After all, N.W.A – the realest rappers ever, the world’s most dangerous group, the crew that terrified the FBI and had parents locking up their daughters – was not exactly the most authentic musical act in history.
The second paragraph of N.W.A’s biography of page on Rolling Stone begins as follows: “O’Shea ‘Ice Cube’ Jackson, born and raised in a two-parent, middle-class home in South Central—and always more interested in music and books than in gangs…” Everyone makes a big deal about Cube going from N.W.A to Are We There Yet? but, in truth, it was almost a full circle return to his roots. Most young people go through an experimentation period in which they adopt and test different looks and styles, but it’s just that Cube’s took place in public and happened to change the direction of popular American culture in the process.
He wasn’t the only one. In 1995, the movie The Show was released, giving a never-before-seen backstage view of the world of hip-hop. One of the most telling quotes came from Cube’s N.W.A groupmate, Dr. Dre, when he said: “Living up to what you say on records, it’s all entertainment. Anybody in their fucking right mind know you can talk about shooting somebody on the record, but motherfucker ain’t finna really go out there and do it unless you just stupid. Ya’know what I’m saying? It’s entertainment. We make records. Entertainment – that’s all it is. This is, like, our fucking jobs.”
How is that different from Rick Ross? DMX barked and growled in verses and shouted out his dead dog in songs. Is that real? No one knows, but it sounded great. 2Pac is one of the greatest ever, but the leader of Thug Life grew up writing poetry to Jada Pinkett, not pulling drive-bys in his stroller.
In the end, it comes down to skills and what connects with the public. Personally, I can’t stand either Future or Drake. It’s not because they’re not real (although it is funny to hear a former child actor talking about “starting from the bottom”), but because I just can’t stand their music. I’ve given multiple chances to Mac Miller, Fetty Wap, YG, 2 Chainz and most of the new batch of artists that have come out in recent years and they just don’t do it for me.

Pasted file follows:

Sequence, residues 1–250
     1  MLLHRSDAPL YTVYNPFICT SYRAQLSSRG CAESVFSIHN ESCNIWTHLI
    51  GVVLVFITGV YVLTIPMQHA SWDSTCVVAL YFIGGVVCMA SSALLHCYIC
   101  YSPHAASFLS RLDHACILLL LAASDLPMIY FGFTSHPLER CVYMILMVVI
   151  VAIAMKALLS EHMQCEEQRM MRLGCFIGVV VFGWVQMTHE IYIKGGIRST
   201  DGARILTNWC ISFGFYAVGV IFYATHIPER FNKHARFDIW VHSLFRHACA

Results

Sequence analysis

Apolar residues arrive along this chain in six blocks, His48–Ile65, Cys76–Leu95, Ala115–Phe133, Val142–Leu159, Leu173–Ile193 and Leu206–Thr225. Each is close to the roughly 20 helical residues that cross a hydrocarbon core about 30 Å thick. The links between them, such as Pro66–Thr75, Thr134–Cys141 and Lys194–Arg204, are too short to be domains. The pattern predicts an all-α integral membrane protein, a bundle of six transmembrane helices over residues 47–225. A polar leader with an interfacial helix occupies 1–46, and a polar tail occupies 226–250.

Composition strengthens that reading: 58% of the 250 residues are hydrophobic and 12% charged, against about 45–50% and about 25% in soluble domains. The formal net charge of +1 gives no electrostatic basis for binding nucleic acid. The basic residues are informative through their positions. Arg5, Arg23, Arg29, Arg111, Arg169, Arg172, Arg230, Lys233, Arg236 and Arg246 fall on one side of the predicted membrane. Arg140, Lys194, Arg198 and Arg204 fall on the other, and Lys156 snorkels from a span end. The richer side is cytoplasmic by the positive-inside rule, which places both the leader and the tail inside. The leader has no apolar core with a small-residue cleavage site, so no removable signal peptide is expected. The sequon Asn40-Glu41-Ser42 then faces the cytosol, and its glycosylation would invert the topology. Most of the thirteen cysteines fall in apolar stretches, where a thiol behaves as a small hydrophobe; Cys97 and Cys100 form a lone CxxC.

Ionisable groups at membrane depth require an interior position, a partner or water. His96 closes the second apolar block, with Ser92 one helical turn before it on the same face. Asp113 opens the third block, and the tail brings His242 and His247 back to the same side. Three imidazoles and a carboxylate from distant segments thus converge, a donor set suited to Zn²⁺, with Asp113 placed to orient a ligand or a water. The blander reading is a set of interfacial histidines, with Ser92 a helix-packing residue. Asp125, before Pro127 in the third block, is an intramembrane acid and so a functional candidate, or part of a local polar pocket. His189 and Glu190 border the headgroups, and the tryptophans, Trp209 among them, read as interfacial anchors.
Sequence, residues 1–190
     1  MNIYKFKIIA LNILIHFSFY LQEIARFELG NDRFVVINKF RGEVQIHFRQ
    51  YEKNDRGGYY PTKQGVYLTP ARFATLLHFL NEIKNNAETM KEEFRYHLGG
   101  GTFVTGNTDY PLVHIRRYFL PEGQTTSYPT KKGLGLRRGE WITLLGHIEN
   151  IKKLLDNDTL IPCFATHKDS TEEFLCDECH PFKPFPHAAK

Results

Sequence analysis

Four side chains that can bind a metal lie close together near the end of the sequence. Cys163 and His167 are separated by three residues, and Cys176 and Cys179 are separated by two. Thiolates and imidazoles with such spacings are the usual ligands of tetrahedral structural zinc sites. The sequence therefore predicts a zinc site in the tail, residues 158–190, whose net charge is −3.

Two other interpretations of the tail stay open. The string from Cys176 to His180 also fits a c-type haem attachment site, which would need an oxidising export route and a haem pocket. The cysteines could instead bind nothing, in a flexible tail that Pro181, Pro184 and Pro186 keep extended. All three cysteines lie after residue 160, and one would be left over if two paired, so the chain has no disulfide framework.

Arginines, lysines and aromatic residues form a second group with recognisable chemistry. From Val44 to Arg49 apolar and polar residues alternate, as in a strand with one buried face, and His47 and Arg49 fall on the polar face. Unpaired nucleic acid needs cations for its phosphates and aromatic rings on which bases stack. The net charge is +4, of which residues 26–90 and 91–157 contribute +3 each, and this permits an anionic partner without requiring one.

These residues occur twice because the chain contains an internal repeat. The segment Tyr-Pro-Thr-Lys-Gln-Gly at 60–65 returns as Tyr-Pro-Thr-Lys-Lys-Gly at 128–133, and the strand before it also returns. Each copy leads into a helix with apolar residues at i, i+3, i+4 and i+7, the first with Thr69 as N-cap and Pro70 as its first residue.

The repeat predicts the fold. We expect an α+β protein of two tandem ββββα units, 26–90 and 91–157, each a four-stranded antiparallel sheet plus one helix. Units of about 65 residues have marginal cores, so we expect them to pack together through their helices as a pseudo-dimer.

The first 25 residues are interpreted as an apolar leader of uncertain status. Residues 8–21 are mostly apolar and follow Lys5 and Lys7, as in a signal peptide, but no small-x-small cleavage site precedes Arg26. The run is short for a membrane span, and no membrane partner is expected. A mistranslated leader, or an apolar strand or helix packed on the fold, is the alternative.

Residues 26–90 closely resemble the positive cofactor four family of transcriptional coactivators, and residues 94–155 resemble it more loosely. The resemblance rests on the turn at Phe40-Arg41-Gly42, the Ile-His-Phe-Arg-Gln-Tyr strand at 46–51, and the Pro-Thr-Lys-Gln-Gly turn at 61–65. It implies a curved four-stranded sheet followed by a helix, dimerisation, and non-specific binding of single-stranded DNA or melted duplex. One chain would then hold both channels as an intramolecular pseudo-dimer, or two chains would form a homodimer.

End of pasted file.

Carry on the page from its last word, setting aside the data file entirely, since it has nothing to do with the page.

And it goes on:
But I love Skyzoo, I think Kendrick Lamar is a once-in-a-generation talent, I believe Nicki Minaj could one day become the female G.O.A.T. and I have been a staunch defender of Macklemore. That doesn’t mean they’re more real. It just means that they connect with me as a listener.
To me, the most insightful thing Diaz wrote was also one of the most overlooked: “More importantly: Who cares what mainstream rap is doing when you have the Internet? There are so many great artists out there waiting for you to discover them. The game is changing and it’s for the better. Yes, you read that right. Because of the Internet, one can bounce around from genre to genre effortlessly. No one is forcing you to listen to Drake and Future.”
Seriously, who listens to the radio these days? I haven’t listened to terrestrial radio in almost ten years and I haven’t expected it to expose my ears to great new hip-hop artists in twice as long. “Real” hip-hop isn’t dead; it never existed in the first place.
And that’s real.
Christopher Pierznik is the author of eight books, including the brand new In Defense Of…, all of which can be purchased in paperback and Kindle. In addition to his own site, his work has appeared on XXL, Cuepoint, Business Insider, The Cauldron, and many more. He has been quoted on Buzzfeed and Deadspin. Subscribe to his monthly reading review newsletter or follow him on Facebook or Twitter.